By Matt Bolch; illustrations by Jay Bevenour
AS PART OF OUR 30TH-ANNIVERSARY CELEBRATION, Tech & Learning continues to compile a compendium of the most influential people affecting the advancement of technology in education. Our second group of honorees is plucked from the present: today’s leaders who are changing the landscape of edtech through innovation and vision.
LOOKING FOR LINDA? Linda Roberts was honored in our March Issue along with 29 of her colleagues. Read it online here: www.techlearning.com/30thanniversary
Arne Duncan, U.S. Secretary of Education, spent more than seven years as CEO of Chicago Public Schools and as such is the longest-serving big-city superintendent in the country. During his confirmation hearings, he called education “the civil rights issue of our generation.” His father was a professor at the University of Chicago, and his mother runs an independent early-learning center on Chicago’s South Side. Under Duncan’s leadership, the city district had record gains in elementary reading and math standards. Gains in ACT scores among high schoolers were triple those achieved nationally.
Nancy Knowlton is president, co–chief executive officer, and cofounder of SMART, which introduced its interactive whiteboard in 1991. Since then, the Canadian company has sold more than 1.5 million whiteboards in the education, business, and government sectors and has a nearly 48 percent share worldwide. Knowlton, who is responsible for the company’s day-to-day direction, has spoken widely on 21st-century education. In 2002, she was on an independent commission that reviewed the province of Alberta’s system of basic education. She and cofounder David Martin won the 1999 Prairies Region Technology Entrepreneur of the Year award and a Manning Innovation award in 2002.
Karen Cator, director of the Office of Educational Technology at the U.S. Department of Education, has long advocated for students. She previously directed leadership and advocacy efforts in education at Apple, where she focused on the intersection of education policy and research, emerging technologies, and the real conditions faced by teachers, students, and administrators. Prior to joining Apple in 1997, Cator served in the public-education sector, leading the planning and implementing of technology in Alaska. She was also special assistant for telecommunications for that state’s lieutenant governor. She is a past chair of the Partnership for 21st Century Skills and has served on the board of the Software & Information Industry Association’s education division.
Anybody who likes building robots with a LEGO MindStorms kit can thank Mitchel Resnick. The LEGO Papert Professor of Learning Research and head of the Lifelong Kindergarten group at the MIT Media Laboratory investigates how new technologies can help people create. One offshoot of that research has been the development of a “programmable brick” that formed the basis of the LEGO MindStorms robotics kit. Another is Scratch, an online community where children can program and share interactive stories, games, and animations. He cofounded the Computer Clubhouse, a global network of after-school centers where disadvantaged youth use new technologies to express themselves creatively.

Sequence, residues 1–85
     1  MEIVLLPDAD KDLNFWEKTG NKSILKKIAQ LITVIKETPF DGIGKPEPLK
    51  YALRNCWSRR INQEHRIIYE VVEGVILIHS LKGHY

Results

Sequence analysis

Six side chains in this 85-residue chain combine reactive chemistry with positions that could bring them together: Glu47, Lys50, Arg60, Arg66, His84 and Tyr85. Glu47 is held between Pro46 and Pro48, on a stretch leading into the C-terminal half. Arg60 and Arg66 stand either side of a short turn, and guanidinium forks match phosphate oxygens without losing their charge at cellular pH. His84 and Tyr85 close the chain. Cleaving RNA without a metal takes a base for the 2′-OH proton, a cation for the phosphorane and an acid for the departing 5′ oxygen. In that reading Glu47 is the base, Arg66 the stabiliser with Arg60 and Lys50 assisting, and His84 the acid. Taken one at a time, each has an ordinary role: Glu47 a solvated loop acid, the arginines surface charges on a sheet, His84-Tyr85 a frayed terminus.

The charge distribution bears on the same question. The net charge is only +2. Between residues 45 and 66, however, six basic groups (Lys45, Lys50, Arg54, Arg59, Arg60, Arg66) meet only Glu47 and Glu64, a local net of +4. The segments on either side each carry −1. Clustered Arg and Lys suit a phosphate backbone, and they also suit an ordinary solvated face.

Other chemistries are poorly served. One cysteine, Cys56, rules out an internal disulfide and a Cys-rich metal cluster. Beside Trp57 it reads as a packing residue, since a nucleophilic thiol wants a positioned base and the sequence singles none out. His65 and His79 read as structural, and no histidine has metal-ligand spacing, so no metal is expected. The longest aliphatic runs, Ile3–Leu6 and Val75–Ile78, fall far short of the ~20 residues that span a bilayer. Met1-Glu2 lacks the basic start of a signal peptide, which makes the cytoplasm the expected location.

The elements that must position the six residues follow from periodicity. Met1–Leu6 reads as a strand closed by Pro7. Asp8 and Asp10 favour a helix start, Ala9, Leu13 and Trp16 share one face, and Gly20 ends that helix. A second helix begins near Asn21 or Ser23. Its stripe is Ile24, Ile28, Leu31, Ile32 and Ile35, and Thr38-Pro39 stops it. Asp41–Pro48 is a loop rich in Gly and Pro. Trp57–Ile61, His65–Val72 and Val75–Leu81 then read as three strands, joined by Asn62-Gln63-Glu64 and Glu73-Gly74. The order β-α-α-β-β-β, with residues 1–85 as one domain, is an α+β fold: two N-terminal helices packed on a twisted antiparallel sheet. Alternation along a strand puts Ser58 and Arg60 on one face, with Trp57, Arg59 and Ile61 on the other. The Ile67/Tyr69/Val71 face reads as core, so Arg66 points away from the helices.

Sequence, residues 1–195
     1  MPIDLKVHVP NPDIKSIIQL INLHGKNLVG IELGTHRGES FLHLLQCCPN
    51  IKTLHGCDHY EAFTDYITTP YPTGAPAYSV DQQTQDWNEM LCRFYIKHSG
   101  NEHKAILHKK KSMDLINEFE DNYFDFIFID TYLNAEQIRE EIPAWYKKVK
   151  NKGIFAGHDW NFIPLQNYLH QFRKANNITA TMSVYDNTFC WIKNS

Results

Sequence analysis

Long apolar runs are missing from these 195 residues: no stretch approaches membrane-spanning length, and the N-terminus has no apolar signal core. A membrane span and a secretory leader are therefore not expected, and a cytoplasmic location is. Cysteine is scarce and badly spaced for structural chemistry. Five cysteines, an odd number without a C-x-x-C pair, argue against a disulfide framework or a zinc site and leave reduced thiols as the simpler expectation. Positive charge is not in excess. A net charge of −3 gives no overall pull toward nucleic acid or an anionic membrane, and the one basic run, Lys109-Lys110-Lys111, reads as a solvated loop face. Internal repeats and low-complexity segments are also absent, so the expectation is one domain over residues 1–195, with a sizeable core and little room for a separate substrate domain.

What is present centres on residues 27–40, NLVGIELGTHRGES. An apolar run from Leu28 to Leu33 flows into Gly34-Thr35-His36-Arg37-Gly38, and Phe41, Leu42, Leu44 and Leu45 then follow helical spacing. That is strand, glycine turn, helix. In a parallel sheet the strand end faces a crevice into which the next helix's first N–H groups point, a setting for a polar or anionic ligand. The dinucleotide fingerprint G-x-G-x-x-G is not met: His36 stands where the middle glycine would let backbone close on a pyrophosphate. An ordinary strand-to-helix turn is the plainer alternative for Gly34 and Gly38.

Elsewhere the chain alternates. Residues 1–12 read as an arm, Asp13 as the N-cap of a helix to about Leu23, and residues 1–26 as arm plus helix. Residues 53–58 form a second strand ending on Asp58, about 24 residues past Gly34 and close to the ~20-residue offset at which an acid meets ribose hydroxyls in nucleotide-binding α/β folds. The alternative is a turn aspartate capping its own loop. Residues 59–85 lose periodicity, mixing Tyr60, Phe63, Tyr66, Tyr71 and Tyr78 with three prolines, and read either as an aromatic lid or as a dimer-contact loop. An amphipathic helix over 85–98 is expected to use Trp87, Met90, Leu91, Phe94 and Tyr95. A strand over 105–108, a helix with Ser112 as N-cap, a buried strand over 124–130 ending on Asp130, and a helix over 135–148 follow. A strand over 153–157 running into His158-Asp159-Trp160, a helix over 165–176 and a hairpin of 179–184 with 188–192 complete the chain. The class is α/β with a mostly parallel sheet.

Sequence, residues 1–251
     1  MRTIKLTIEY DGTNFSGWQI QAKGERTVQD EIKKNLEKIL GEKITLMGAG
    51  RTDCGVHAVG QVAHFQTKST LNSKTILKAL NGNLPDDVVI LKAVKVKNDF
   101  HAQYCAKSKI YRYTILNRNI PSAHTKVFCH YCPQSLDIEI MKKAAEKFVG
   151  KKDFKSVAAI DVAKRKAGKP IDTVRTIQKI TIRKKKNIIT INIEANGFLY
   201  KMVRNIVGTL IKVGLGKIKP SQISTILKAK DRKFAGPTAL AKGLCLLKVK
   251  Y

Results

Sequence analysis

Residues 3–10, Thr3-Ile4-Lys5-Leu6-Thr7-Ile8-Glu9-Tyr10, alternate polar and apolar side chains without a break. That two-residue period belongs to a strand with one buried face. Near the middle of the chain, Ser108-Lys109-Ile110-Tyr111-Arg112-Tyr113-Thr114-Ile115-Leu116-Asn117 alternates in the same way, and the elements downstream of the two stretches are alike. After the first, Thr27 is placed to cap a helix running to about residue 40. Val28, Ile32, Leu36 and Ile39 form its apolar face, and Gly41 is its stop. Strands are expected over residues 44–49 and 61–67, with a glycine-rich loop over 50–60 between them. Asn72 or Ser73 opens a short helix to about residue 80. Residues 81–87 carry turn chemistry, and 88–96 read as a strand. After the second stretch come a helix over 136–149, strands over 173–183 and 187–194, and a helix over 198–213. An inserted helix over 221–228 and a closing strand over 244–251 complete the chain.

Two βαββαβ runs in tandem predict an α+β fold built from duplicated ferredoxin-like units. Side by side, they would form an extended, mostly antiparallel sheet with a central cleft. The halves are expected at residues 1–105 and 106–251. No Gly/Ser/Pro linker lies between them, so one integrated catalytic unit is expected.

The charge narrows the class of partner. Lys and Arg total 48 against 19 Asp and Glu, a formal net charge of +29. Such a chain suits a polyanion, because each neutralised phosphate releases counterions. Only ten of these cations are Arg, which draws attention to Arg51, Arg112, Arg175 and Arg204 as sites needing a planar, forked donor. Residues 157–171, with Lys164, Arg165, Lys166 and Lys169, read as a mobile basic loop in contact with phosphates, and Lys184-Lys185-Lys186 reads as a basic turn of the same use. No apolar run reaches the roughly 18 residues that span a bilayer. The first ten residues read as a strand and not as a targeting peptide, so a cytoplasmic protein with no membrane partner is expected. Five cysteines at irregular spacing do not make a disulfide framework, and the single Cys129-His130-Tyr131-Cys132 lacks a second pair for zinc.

Dean Kamen founded FIRST (For Inspiration and Recognition of Science and Technology), an international robotics competition that attracted more than 137,000 children from 42 countries as contestants in 2009. The purpose of FIRST is to inspire children, especially girls and minorities, to pursue careers in science and mathematics. Kamen, a prolific inventor (more than 440 patents) and a member of the National Inventor Hall of Fame, is best known for his invention of the Segway Human Transporter. The president of DEKA Research & Development Corp., he is working on a water-purification system to solve the world shortage of drinkable water.
Douglas E. Van Houweling
Douglas E. Van Houweling led a statewide computing network in Michigan in 1987 that was tasked with helping run the National Science Foundation Network, a backbone of the early Internet. Van Houweling is a professor in the School of Information at the University of Michigan and founding president and CEO of Internet2, an advanced networking consortium led by the research and education community. He was a member of the National Academies Panel on the Impact of IT on the Future of the Research University. Van Houweling received the EDUCAUSE 2002 Excellence in Leadership Award.
Every teacher should know who Michael Milken is. The financier and philanthropist has supported educators since 1985 through the Milken Educator award, the largest teacher-recognition program in the United States. The organization has awarded $60 million to more than 2,400 K–12 teachers and principals, each of whom received $25,000 and an opportunity to participate in an annual professional-development conference. Mike and Lowell Milken co-founded the Milken Family Foundation in 1982 (Lowell Milken created the Milken Educator Awards and chairs the foundation), but Michael has been generous since at least 1972, when his mother-in-law was diagnosed with breast cancer. In addition to medical research and education, the foundation addresses inner-city problems and seeks to aid families of children with cancer and youth programs.
Chris Dede, Timothy E. Wirth Professor in Learning Technologies at the Harvard Graduate School of Education, researches how people learn in the wake of emerging technologies. His teaching models the use of information technology to distribute and orchestrate learning across space, time, and many interactive media. His research spans emerging technologies for learning, infusing technology into large-scale educational-improvement initiatives, policy formulation and analysis, and leadership in educational innovation. He currently conducts funded studies in developing and assessing learning environments based on modeling and visualization, online teacher professional development, wireless mobile devices for ubiquitous computing, and multiuser virtual environments.
Roberto J. Rodriguez